Pakistani woman found mentally unfit for trial

November 17, 2008 5:56:37 PM PST
A Pakistani woman accused of trying to kill a U.S. soldier and FBI agents while she was in custody in Afghanistan is mentally unfit for trial, a court-ordered psychological evaluation has determined. Aafia Siddiqui is unable to understand the nature and consequences of court proceedings and cannot assist properly in her defense, according to the evaluation at the Federal Medical Center Carswell in Fort Worth, Texas.

U.S. District Judge Richard M. Berman in Manhattan described the results in an order sent to attorneys, according to an entry in the case on Monday.

Berman said the evaluation was being filed under seal. He scheduled a conference Wednesday for lawyers to discuss what should happen next in the case, including the possibility of medication being appropriate for Siddiqui's depression.

Siddiqui was charged with attempted murder and assault after she was accused of grabbing a rifle at a police station in Afghanistan in July and shooting at U.S. Army and law enforcement personnel. She was shot and wounded as well.

In August, she was brought to the United States to face the charges.

At the request of her lawyer, Elizabeth Fink, and federal prosecutors, she was transferred last month to the Texas facility that specializes in mental health treatment for women.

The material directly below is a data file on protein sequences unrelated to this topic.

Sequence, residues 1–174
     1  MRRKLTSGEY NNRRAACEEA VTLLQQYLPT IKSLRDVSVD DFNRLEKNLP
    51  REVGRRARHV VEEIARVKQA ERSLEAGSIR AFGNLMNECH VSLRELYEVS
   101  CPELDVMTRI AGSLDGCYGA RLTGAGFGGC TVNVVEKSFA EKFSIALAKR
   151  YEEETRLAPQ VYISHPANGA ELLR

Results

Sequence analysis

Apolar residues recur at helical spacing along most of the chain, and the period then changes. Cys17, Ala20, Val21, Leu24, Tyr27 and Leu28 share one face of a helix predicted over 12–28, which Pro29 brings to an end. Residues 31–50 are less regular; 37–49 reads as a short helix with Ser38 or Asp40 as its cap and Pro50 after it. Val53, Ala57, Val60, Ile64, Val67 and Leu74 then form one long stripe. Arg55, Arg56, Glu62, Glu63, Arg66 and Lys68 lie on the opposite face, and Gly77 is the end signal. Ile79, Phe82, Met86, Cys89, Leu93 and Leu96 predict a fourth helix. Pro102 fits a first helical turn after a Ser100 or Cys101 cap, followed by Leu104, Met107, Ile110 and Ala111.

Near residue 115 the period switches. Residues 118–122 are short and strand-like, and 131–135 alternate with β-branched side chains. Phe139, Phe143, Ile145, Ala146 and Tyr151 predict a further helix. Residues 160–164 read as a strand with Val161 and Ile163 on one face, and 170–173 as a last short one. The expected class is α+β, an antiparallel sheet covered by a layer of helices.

Fink said Monday that she anticipated a heated conversation at Wednesday's hearing about whether Siddiqui should be medicated.

She said she was not surprised her client was incompetent for trial after suffering enormous psychological pain.

"There's every reason to believe that she was broken and that what happened to her that put her in this state was caused by her being held by the dark side, whether that's the Americans or the Pakistanis or the Afghanis," Fink said.

She said government claims that Siddiqui for the last five years has "been running free is just fantasy."

Siddiqui has failed to appear in court several times and Fink has noted that her client has refused to leave her jail cell, interact with her lawyers or open legal mail.

"She's been broken and she's lost her mind," Fink said.

Janice Oh, a spokeswoman for prosecutors, said the office had no comment.

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